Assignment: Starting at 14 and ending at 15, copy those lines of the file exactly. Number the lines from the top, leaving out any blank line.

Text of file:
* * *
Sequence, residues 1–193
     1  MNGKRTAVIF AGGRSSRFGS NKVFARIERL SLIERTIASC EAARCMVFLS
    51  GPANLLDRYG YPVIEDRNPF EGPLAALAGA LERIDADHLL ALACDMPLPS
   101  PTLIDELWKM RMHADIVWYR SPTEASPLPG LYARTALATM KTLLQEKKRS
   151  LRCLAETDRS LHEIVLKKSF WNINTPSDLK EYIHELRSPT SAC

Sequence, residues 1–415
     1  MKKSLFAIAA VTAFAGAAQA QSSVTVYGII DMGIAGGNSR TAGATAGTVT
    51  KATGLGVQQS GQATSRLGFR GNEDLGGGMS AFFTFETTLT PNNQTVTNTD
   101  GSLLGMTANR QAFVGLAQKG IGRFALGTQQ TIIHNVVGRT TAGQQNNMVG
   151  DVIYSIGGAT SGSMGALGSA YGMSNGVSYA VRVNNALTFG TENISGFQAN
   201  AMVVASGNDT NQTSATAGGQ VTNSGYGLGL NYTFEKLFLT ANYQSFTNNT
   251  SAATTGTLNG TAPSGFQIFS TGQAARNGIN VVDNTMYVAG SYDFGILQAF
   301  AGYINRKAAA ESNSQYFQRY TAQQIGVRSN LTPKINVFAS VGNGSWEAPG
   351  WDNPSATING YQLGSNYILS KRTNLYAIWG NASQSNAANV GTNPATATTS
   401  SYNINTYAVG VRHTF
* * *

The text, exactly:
   351  WDNPSATING YQLGSNYILS KRTNLYAIWG NASQSNAANV GTNPATATTS
   401  SYNINTYAVG VRHTF